The reason for all the noise it would turn out very shortly was that as we ate stale bread and carrot juice for breakfast and I tried desperately to convince myself that it wasn't too bad, the hostel was actually being demolished, regardless of whether we were in it or not. I had just spent a night in a hostel which would be gone by the end of the day.

Moments after some beggars tried to sell us stuff in the check-in queue...

Moments after some beggars tried to sell us stuff in the check-in queue...

To be honest, I could go on for pages and pages about the short time I spent in China – towards the end, things picked up a little, thanks in no small part to the availability of beer in our hostel and some proper food but would I go back? Nope – it's too strange and I'm just not into being pestered and basically robbed the whole way through a country; nobody really wants to help, it seems as if everyone's just out to take as much money as they can and there's no better targets for doing just that than tourists. And maybe the Olympics thing has made people greedier but I doubt it. I was pleased (or ‘glad' as some would say!) then to step onto the plane for Dubai and take a break from it all as I have been doing these last 12 days – tonight I'm heading for Bangkok and although there's no doubt it'll be just the same in terms of being pestered and annoyed, hopefully the break will make me slightly more (or less, depending which way you look at it) receptive to the whole thing. So here we go again, it's off around the world…again…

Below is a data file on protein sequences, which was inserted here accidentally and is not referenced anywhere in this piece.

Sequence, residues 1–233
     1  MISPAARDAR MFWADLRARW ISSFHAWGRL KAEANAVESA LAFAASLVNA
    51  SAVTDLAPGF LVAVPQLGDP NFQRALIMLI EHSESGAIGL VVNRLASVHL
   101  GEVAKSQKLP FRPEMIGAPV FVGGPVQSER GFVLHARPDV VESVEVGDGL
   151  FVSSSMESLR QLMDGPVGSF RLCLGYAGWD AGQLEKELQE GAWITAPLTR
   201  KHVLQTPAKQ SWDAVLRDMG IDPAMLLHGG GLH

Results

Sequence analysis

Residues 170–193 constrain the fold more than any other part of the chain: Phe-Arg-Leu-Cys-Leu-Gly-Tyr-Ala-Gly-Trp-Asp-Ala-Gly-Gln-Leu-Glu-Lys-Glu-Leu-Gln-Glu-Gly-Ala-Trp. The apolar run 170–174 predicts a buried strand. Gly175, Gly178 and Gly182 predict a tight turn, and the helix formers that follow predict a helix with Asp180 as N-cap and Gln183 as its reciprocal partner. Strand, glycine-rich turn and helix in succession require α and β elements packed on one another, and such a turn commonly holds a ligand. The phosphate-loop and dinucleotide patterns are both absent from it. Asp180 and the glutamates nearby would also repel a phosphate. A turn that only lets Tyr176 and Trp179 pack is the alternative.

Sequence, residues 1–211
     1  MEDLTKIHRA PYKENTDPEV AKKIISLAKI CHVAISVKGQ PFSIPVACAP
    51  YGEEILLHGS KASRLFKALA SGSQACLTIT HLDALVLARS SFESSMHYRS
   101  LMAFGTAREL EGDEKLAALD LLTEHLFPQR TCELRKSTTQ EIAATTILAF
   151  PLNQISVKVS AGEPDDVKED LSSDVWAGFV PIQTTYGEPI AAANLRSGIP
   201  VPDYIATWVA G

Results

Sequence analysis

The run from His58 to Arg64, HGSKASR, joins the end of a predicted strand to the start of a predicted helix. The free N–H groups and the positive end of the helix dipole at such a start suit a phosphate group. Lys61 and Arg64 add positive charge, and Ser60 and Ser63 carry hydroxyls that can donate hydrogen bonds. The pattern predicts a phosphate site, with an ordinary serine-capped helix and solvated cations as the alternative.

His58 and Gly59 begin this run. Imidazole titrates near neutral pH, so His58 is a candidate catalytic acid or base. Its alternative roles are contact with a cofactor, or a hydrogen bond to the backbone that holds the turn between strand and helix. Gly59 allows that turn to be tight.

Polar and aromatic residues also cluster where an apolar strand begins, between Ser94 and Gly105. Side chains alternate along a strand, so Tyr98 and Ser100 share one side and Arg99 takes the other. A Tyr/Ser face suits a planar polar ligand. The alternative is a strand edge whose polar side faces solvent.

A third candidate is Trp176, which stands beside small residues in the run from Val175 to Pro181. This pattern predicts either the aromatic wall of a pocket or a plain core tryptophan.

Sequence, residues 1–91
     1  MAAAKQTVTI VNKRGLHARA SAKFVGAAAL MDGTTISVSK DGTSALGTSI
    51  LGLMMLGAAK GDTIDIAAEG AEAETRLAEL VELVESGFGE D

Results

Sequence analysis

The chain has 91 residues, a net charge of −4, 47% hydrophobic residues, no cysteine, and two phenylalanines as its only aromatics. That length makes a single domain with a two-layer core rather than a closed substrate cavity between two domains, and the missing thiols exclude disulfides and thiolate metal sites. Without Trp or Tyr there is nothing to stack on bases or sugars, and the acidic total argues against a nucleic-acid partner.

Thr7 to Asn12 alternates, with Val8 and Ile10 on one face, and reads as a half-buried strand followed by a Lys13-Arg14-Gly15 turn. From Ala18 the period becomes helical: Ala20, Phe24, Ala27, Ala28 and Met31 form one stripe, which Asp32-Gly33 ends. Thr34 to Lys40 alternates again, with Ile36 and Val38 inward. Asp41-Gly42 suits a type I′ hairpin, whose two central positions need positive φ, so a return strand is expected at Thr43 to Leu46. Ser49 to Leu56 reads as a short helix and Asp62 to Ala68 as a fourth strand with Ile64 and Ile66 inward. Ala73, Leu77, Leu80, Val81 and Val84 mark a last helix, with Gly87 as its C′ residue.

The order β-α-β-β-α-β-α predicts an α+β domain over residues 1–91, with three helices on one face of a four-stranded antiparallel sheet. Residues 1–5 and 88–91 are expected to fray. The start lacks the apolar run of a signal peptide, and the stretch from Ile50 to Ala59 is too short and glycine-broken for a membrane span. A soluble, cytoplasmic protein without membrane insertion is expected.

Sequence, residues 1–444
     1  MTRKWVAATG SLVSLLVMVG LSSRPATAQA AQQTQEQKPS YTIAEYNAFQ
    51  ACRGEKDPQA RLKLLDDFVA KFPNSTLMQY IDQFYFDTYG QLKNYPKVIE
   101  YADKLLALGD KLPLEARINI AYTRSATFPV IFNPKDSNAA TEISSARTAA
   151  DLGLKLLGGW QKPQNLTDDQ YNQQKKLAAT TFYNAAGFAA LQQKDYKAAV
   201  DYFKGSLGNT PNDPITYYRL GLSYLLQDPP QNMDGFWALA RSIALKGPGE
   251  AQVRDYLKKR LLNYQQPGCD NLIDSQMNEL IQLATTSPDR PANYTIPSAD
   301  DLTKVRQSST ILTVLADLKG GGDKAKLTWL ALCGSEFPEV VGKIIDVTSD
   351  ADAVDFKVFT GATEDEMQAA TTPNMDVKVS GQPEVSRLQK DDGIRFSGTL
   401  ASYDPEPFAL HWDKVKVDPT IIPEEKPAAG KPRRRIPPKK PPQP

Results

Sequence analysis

Reformed backpacker & former ultra-cheap traveller, Andy now atones for his past by overspending on premium travel experiences and failing at making the most of the miles & points game. Based in Malaysia, he is a product manager by day, and travel aficionado by evening and weekend.